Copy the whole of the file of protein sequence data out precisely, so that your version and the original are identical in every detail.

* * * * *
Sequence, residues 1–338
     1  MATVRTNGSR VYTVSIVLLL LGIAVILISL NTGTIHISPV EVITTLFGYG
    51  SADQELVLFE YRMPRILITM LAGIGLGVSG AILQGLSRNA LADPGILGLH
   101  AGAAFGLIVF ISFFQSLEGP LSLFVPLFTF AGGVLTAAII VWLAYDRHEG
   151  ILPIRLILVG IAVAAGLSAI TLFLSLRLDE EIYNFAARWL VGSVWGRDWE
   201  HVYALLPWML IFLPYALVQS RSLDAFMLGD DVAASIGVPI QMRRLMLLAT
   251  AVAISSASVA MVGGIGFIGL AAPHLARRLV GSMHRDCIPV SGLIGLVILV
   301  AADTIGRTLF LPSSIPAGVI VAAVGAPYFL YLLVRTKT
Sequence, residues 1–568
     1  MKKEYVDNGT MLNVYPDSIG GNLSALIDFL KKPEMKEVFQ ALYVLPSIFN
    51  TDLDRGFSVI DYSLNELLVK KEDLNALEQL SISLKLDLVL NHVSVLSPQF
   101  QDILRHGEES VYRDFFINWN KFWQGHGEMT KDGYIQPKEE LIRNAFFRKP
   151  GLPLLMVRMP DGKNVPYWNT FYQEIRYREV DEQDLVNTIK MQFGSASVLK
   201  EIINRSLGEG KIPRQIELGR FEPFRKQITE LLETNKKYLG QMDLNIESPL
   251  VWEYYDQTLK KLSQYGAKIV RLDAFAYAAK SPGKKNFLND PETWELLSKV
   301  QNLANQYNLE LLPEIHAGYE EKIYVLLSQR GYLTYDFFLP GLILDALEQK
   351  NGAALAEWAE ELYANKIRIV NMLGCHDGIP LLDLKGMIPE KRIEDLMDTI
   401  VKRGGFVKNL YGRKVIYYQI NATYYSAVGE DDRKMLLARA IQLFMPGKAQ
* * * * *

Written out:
Sequence, residues 1–338
     1  MATVRTNGSR VYTVSIVLLL LGIAVILISL NTGTIHISPV EVITTLFGYG
    51  SADQELVLFE YRMPRILITM LAGIGLGVSG AILQGLSRNA LADPGILGLH
   101  AGAAFGLIVF ISFFQSLEGP LSLFVPLFTF AGGVLTAAII VWLAYDRHEG
   151  ILPIRLILVG IAVAAGLSAI TLFLSLRLDE EIYNFAARWL VGSVWGRDWE
   201  HVYALLPWML IFLPYALVQS RSLDAFMLGD DVAASIGVPI QMRRLMLLAT
   251  AVAISSASVA MVGGIGFIGL AAPHLARRLV GSMHRDCIPV SGLIGLVILV
   301  AADTIGRTLF LPSSIPAGVI VAAVGAPYFL YLLVRTKT
Sequence, residues 1–568
     1  MKKEYVDNGT MLNVYPDSIG GNLSALIDFL KKPEMKEVFQ ALYVLPSIFN
    51  TDLDRGFSVI DYSLNELLVK KEDLNALEQL SISLKLDLVL NHVSVLSPQF
   101  QDILRHGEES VYRDFFINWN KFWQGHGEMT KDGYIQPKEE LIRNAFFRKP
   151  GLPLLMVRMP DGKNVPYWNT FYQEIRYREV DEQDLVNTIK MQFGSASVLK
   201  EIINRSLGEG KIPRQIELGR FEPFRKQITE LLETNKKYLG QMDLNIESPL
   251  VWEYYDQTLK KLSQYGAKIV RLDAFAYAAK SPGKKNFLND PETWELLSKV
   301  QNLANQYNLE LLPEIHAGYE EKIYVLLSQR GYLTYDFFLP GLILDALEQK
   351  NGAALAEWAE ELYANKIRIV NMLGCHDGIP LLDLKGMIPE KRIEDLMDTI
   401  VKRGGFVKNL YGRKVIYYQI NATYYSAVGE DDRKMLLARA IQLFMPGKAQ